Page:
|Title(s)||The Lady of Our Fate, the Colorless and All-Colored|
|Home plane||Concordant Domain of the Outlands|
|Portfolio||Fate, Destiny, Divination, Future, Honesty|
|Domains||Chaos, Knowledge, Law, Luck, Oracle|
In the World of Greyhawk campaign setting for the Dungeons & Dragons role-playing game, Istus is the goddess of Fate, Destiny, Divination, the Future, and Honesty. She is known as the Lady of Our Fate and the Colorless and All-Colored. Her symbol is a golden spindle with three strands.
- 1 Publication history
- 2 Description
- 3 Relationships
- 4 Realm
- 5 Dogma
- 6 Worshippers
- 7 Rituals
- 8 References
- 9 Additional reading
Advanced Dungeons & Dragons 1st edition (1977-1988)
Istus was first detailed for the Dungeons & Dragons game in the article "The Deities and Demigods of the World of Greyhawk" by Gary Gygax in Dragon #69 (1983). Istus was subsequently detailed in the World of Greyhawk Fantasy Game Setting (1983), and in Greyhawk Adventures (1988).
Advanced Dungeons & Dragons 2nd edition (1989-1999)
Her role in the cosmology of the Planescape campaign setting was described in On Hallowed Ground (1996). Istus is described as one of the good deities that celestials can serve in the supplement Warriors of Heaven (1999).
Dungeons & Dragons 3.0 edition (2000-2002)
Dungeons & Dragons 3.5 edition (2003-2007)
Istus is the most powerful of the Baklunish deities, but aloof from mortals and immortals alike, concerning herself only with the fate of the universe. She is depicted in three different ways. The first is as an old crone, the second as a mature and haughty noble dame, and the third as a cold and unfeeling young maiden. She carries a golden spindle (her holy symbol), with which she spins the future into the present, thus weaving the web of fate.
Istus holds herself aloof from all other gods, even those of her own pantheon. The mendicant Daoud was a servant of the Lady of Our Fate in life. Istus is said to have a strange companion, a cloudlike being who is a prince from the Demiplane of Time.
Istus dwells within the Web of Fate, which is thought by some to be a realm in the Outlands and by some to be a pocket universe beyond the known cosmology, or perhaps a demiplane within the Ethereal Plane. All times and places are open to Istus as long as she holds her spindle; if she loses it, she must return home immediately.
Rudd does not get along with Istus, as she has a big problem with the idea of predestination.
In the strange metaphysics of the worshippers of Istus, the multiverse is conceived of as an intricate mesh of interconnected threads, with everything connected to everything else. They are believers in predestination, although the threads of fate are sometimes slack enough that destiny can be altered in some small way. Because the future is for the most part foreordained, it can be permitted by those with the skills to perceive how the threads are linked. Clerics of Istus teach that acceptance of one's fate is the only honest approach; those who strive too hard against Fate will only meet their own foreordained ruins.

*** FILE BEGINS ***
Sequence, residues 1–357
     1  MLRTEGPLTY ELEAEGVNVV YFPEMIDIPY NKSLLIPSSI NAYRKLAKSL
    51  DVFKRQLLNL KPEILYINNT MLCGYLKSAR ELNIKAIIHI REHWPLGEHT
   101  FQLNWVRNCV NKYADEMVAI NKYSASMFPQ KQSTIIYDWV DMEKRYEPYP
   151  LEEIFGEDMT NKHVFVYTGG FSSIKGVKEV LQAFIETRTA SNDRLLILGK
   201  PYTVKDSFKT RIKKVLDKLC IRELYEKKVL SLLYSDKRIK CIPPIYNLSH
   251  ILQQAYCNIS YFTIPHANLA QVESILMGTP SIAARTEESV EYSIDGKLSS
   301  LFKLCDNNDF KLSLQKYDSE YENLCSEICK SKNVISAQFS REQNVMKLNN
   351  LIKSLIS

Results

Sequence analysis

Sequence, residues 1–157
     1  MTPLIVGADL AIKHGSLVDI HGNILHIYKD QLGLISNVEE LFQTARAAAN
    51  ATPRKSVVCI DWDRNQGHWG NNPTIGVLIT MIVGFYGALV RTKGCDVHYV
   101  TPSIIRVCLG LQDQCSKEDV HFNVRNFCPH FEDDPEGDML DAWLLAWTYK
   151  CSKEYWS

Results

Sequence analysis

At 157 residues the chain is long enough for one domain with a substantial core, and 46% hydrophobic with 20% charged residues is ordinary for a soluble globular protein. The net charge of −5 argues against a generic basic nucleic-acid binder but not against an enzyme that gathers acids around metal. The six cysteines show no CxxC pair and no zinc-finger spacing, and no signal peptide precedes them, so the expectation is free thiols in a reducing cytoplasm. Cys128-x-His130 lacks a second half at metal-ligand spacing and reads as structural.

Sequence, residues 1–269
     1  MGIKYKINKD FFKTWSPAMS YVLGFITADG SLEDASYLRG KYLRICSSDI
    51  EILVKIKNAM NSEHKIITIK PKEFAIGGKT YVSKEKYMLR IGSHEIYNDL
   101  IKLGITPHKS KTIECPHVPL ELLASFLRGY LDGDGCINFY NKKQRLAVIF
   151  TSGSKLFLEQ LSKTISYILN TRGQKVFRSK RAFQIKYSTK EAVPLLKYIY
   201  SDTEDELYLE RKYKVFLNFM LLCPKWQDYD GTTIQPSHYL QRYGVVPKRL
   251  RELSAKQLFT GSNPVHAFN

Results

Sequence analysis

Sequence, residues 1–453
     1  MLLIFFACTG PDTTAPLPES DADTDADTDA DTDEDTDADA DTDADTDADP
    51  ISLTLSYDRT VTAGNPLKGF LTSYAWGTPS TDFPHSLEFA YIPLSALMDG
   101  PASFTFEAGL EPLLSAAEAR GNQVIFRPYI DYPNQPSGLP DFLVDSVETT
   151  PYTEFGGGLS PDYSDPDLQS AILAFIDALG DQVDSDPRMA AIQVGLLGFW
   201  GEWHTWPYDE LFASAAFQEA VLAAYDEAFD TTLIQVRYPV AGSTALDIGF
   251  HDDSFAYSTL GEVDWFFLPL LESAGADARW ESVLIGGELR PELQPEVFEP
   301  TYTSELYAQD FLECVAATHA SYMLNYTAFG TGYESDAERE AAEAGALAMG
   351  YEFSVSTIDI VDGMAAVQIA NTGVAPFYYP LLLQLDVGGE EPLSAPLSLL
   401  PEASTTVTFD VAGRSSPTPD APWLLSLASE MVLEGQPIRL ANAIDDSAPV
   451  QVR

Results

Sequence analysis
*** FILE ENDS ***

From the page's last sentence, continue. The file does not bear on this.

Because Fate is callous and often unkind, only cynical and unfeeling people tend to make Istus their patron. Centers of Istus' worship are in Dyvers, the Free City of Greyhawk, Rauxes, Rel Mord, and Stoink. She is also worshipped in Bissel, the Bright Lands, Ekbir, Ket, the Plains of the Paynims, the Tiger Nomads, Tusmit, the Wolf Nomads, and Zeif.
Istus has few true followers and her clerics tend to be stoic and cynical, having seen all the extremes of mortal destinies. They use divinations to discern what fate will bring, and are called upon by nobles and other important people to make predictions about the future. They hold honesty as a virtue, and teach the importance of accepting one's destiny and role in the world. Eighty percent of them are female.
Clerics of Istus wear gray or black robes. Higher ranking clerics have formal vestments with weblike patterns. They must wear their holy symbols openly and allow their hair to grow at least six inches in length.
Services to Istus include hangings of gauze, clouds of incense, the music of woodwinds, chanting, and meditation.
- Gygax, Gary. "The Deities and Demigods of the World of Greyhawk." Dragon #69 (TSR, 1983)
- Gygax, Gary. World of Greyhawk Fantasy Game Setting (TSR, 1983)
- Ward, James M. Greyhawk Adventures (TSR, 1988)
- Findley, Nigel, Dan Salas, Stephen Inniss, and Robert J. Kuntz. Fate of Istus. (TSR, 1989)
- Schick, Lawrence (1991). Heroic Worlds: A History and Guide to Role-Playing Games. Prometheus Books. p. 117. ISBN 0-87975-653-5.<templatestyles src="Module:Citation/CS1/styles.css"></templatestyles>
- Sargent, Carl. From the Ashes (TSR, 1992)
- Moore, Roger E. Greyhawk: The Adventure Begins (TSR, 1998)
- McComb, Colin. On Hallowed Ground (TSR, 1996)
- Perkins, Christopher. Warriors of Heaven (TSR, 1999)
- Holian, Gary, Erik Mona, Sean K Reynolds, and Frederick Weining. Living Greyhawk Gazetteer (Wizards of the Coast, 2000)
- Noonan, David. Complete Divine (Wizards of the Coast, 2004)
- Brown, Anne. Player's Guide to Greyhawk (TSR, 1998).
- Conforti, Steven, ed. Living Greyhawk Official Listing of Deities for Use in the Campaign, version 2.0. Renton, WA: Wizards of the Coast, 2005. Available online: 
- Findley, Nigel. Greyspace. (TSR, 1992).
- Gygax, Gary, and Frank Mentzer. The Temple of Elemental Evil (TSR, 1985).
- Living Greyhawk Journal no. 3 - "Gods of Oerth"